And I will always believe that God recognizes and appreciates human kindness toward innocent animals, and that He or She maintains a particularly unpleasant place in Hell for animal abusers, despite a total lack of evidence to support such a theory. Because I know what I know.
November 6, 2013
The State of California’s advice to those encountering dangerous animals in state parks?: “You’re on your own!” Today’s column in the Star newspaper…
A Napa park was briefly closed one early morning last month, after a city worker spotted a mountain lion roaming there.
The spotter was a public works employee. The spotee was nowhere to be found, having wisely skulked off before the Napa County Sheriff’s Office — which apparently fingers four-legged criminals when not shadowing Wal-Mart shoplifters — arrived on the scene.
But the scary part of the story was what happened when the city’s Parks, Trees and Facilities Manager called the California Department of Fish and Wildlife for help. As reported by the Napa Valley Register:
“Fish and Wildlife did not respond to the incident because mountain lion sightings are common and do not typically signify a public threat, said department information officer Janice Mackey.”
“Also, reported mountain lions often turn out to be golden retrievers or large cats, she said.”
To be clear: this was not a sighting by an intoxicated teenager or nearsighted vagrant. It was reported by a city public works employee, communicating up the chain of command to park management. Presumably, if it was just some crazy guy from the maintenance department who regularly spots dangerous imaginary creatures while picking up trash in the park at 6 a.m., his superiors would not have reported the matter to state officials.
Which raises the question: when did it become discretionary for state wildlife authorities to respond to emergency calls? Should public officials feel free to ignore any claims of impending catastrophe they find implausible? Nature-loving citizens prefer to believe that if, while traversing some remote and darkened path, they are confronted by a coiled rattling snake, their panicked pleas for help will not be greeted with the response: “It’s probably just a shoelace.” Perhaps there should be a website where terrified citizens cornered by wild animals can Instagram photos of the beast, as documentary proof of their imminent risk of becoming said animal’s next meal.
This incident perhaps unfairly portrays the State Department of Fish and Wildlife as another useless expenditure of state tax dollars, not unlike the Office of Lieutenant Governor, or the California State Legislature. At least state legislators respond to constituent calls with the recorded message: “Given the Democratic supermajorities in the legislature, control of every statewide office including the Governor’s, and dominance of our U.S. congressional delegation, we no longer see the point in debating anything. We’ve gone fishing with our buddies at the Department of Fish and Wildlife.”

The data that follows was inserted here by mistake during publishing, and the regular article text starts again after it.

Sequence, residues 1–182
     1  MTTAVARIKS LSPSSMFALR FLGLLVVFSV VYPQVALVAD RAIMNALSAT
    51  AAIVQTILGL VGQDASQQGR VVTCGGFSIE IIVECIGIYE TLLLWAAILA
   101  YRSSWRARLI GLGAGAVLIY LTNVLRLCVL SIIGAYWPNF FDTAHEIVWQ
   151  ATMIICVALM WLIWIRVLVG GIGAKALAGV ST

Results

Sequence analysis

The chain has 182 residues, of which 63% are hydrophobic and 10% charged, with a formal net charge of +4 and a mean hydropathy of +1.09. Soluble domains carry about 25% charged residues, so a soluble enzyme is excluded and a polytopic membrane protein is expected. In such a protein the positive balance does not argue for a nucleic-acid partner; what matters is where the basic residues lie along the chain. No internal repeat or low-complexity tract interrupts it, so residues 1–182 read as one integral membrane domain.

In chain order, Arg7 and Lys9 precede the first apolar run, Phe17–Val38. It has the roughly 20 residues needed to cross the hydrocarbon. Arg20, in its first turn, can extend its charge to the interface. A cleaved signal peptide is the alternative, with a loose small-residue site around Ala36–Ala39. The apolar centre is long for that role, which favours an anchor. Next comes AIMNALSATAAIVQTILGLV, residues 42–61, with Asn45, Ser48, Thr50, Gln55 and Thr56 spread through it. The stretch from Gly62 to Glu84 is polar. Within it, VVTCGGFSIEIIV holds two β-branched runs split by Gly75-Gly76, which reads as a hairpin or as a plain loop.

But fear not; the Department is available to dispense potentially life-saving advice. According to the Register’s reporting:
“If a person does encounter a mountain lion, the Department of Fish and Wildlife advises not running from the animal. Instead, people should face the lion, make noise, wave arms to look bigger, throw rocks or other objects at the lion and pick up small children. If attacked, the department says to fight back.”
Good to know. Although this type of confusing, multi-part instruction could be misapplied in a panic situation, leading frightened citizens to first throw their children at the lion and then pick up a pile of rocks. Or they might try throwing their cell phones at the animal, since the gadget’s effectiveness as a rescuer-summoning device is suspect. Still, the Department’s direction to fight back is well-taken, unless the victim is a Republican in the State Legislature, in which case they should probably just turn and run.
Clearly the Department is playing the odds. The Register reports that the Sheriff’s Office receives three to four calls per year regarding mountain lions in that part of town; one call per year in that particular park. And Ms. Mackey reassures us that “mountain lion attacks on humans are extremely rare, particularly given the number of sightings” — only 16 in California in the past 100 years; six of them fatal.
If you or a loved one are among the unlucky 16, it’s a statistically significant number. And for all we know, the actual incidence of fatal mauling may be much higher, with death by mountain lion often misclassified by county coroners’ offices as “a nasty slip-and-fall after being startled by a large cat or golden retriever.”
Here in hyper-aware St. Helena, however, all reports of potential attackers are taken seriously, whether they pertain to menacing predators prowling popular city parks, chain store advance teams scouting Main Street locations, or low-income housing developers cruising residential neighborhoods.
Our public officials may not always be able to tell a potential affordable housing site from a hole in the ground, but they can darn well distinguish between a large cat, a golden retriever, and a mountain lion.